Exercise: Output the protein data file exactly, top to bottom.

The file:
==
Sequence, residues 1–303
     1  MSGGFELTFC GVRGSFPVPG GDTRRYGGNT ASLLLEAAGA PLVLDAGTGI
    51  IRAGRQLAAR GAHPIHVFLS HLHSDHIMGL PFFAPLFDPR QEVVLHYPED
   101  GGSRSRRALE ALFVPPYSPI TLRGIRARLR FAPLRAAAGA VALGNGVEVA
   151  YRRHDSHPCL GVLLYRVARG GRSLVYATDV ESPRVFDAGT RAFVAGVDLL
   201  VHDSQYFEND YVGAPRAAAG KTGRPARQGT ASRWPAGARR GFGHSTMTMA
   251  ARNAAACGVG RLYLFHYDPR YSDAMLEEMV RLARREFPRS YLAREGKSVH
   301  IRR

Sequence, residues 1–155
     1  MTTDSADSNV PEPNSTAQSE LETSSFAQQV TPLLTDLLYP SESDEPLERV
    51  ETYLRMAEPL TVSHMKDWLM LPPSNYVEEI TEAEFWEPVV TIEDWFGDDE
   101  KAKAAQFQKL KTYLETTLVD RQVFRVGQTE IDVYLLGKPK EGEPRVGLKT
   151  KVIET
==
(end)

Sequence, residues 1–303
     1  MSGGFELTFC GVRGSFPVPG GDTRRYGGNT ASLLLEAAGA PLVLDAGTGI
    51  IRAGRQLAAR GAHPIHVFLS HLHSDHIMGL PFFAPLFDPR QEVVLHYPED
   101  GGSRSRRALE ALFVPPYSPI TLRGIRARLR FAPLRAAAGA VALGNGVEVA
   151  YRRHDSHPCL GVLLYRVARG GRSLVYATDV ESPRVFDAGT RAFVAGVDLL
   201  VHDSQYFEND YVGAPRAAAG KTGRPARQGT ASRWPAGARR GFGHSTMTMA
   251  ARNAAACGVG RLYLFHYDPR YSDAMLEEMV RLARREFPRS YLAREGKSVH
   301  IRR

Sequence, residues 1–155
     1  MTTDSADSNV PEPNSTAQSE LETSSFAQQV TPLLTDLLYP SESDEPLERV
    51  ETYLRMAEPL TVSHMKDWLM LPPSNYVEEI TEAEFWEPVV TIEDWFGDDE
   101  KAKAAQFQKL KTYLETTLVD RQVFRVGQTE IDVYLLGKPK EGEPRVGLKT
   151  KVIET